Sunday, September 21, 2008

Dr. Smak's Bucket List

I'm not getting any younger. Mortality dances in front of me on a routine basis, whether at home or at work. While I'd love to plan on doing fun and fabulous things in my retirement, I don't want to live waiting for that grand event. There sure aren't any guarantees I'm going to get there. So, without further ado, my bucket list. (I'm adding it as as new sidebar, and will add to it periodically as things come up. I'm deleting my nightstand, since knitting continues to gobble up the scarce free time I have. I'll read a book again in a few years.)

1. See the aurora borealis. Or, as a dear relative once coined, the areola borealis. In her defense, it was after a glass of wine.

2. Take a super fabulous grown-up vacation with Mr. Smak. We started marriage penniless, and pretty quickly started making Smaklings, so this one has eluded me thus far. I'm talking 2 weeks, no responsibilities, food, drinks, travel, sightseeing, foreign countries. Right now I'm thinking Mediterranean, but the details are unimportant and subject to change. (Fodder for another post, but after you have kids do you ever really have no responsibilities? Did we miss our chance?)

3. Become a certified Master Gardener.

4. Learn to speak another language. Not great, but at least passable.

5. Drive across this big and beautiful country in an RV with Mr. and Smaklings. I'm hoping to hit the right age, where everyone is in the range of pretty self-sufficient but before teenage attitude kicks in. I think this is the one that has the real time constraints on it. I've never seen the Grand Canyon, and I'd love to do it with my kids.

6. Learn to make a kick-ass pie crust. "Kick-ass" is per my own standards. If I never ate another piece of cake in my life I'd be fine, but a crisp, flaky, buttery pie crust is about as good as it gets.

In general, I don't make pies, as the crusts aren't up to my standards. But the whole point of a bucket list is that there is no time like the present to start, so tonight middle Smakling and I practiced on some apple dumplings. They look prettier in real life than the photo. I can't wait to taste them tonite!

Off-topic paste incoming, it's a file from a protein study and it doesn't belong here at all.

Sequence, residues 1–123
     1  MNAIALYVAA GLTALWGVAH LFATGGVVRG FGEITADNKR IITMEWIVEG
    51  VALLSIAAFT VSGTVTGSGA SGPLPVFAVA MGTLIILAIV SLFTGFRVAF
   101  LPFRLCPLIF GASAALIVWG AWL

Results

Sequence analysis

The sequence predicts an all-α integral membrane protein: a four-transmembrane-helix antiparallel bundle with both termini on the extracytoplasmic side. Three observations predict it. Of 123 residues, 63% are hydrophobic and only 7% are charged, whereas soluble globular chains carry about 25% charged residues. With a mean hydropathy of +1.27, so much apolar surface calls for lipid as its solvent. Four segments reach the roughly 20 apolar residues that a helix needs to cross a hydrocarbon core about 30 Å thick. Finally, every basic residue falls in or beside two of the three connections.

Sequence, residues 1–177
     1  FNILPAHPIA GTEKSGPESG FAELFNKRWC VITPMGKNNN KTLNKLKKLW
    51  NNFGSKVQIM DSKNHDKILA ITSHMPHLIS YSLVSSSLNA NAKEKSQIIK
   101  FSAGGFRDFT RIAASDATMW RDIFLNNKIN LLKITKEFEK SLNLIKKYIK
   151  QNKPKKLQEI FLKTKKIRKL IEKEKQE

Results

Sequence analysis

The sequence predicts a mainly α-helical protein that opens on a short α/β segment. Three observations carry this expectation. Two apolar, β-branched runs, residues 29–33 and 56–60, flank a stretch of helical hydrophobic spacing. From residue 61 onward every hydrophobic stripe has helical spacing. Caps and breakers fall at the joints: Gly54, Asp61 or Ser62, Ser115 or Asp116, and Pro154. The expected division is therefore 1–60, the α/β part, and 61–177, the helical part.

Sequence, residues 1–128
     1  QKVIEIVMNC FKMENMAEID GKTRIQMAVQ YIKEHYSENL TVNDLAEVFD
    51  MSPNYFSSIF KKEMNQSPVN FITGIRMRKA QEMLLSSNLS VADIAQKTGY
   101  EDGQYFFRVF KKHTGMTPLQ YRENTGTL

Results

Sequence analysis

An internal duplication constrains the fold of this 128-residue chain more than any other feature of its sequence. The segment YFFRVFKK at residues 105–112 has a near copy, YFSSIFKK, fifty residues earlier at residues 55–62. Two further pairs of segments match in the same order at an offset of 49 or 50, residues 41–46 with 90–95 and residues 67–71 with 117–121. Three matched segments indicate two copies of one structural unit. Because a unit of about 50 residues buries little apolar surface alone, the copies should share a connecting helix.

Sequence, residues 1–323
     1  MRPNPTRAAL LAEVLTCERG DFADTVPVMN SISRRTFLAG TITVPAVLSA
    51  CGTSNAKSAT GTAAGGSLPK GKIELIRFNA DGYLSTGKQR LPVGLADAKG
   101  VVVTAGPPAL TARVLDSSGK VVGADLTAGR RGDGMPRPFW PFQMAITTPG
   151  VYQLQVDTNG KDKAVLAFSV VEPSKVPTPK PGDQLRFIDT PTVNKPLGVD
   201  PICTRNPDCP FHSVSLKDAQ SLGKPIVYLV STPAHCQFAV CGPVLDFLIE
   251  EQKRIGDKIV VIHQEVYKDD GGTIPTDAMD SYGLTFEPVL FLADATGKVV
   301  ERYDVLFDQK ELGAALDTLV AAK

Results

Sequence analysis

Kathy said...

Love the idea of putting this on your blog...I may just steal it if you don't mind.... And I share your dream of wanting to do the Grand Canyon in an RV with the family...not sure when we'll all have time though...

Anonymous said...

Just go on and do it. My kids are grown but they keep moving and having babies and needing us (in different ways, of course) so it doesn't stop when they get grown.

rlbates said...

Good luck with your list. Would love to taste the apple dumplings with a little vanilla ice cream.

Eric, AKA The Pragmatic Caregiver said...

Replace half the ice water with freezer-cold vodka in your next crust batch. I'm astonished how tender and flaky this makes pie crust. Also, try one of the cultured butters like Plugra - the lower pH and higher fat content seem to improve pastry doughs.

I agree about vacations, btw. I realized it's been 17 years since my parents and I had an actual non-work-related family vacation together, and now mom's too frail to do another, despite not being old enough for Medicare. I know it's cliche, but seriously, this is not something to neglect. Marshall whatever resources it takes to make both a Romantic Vacation and a Family Adventure happen.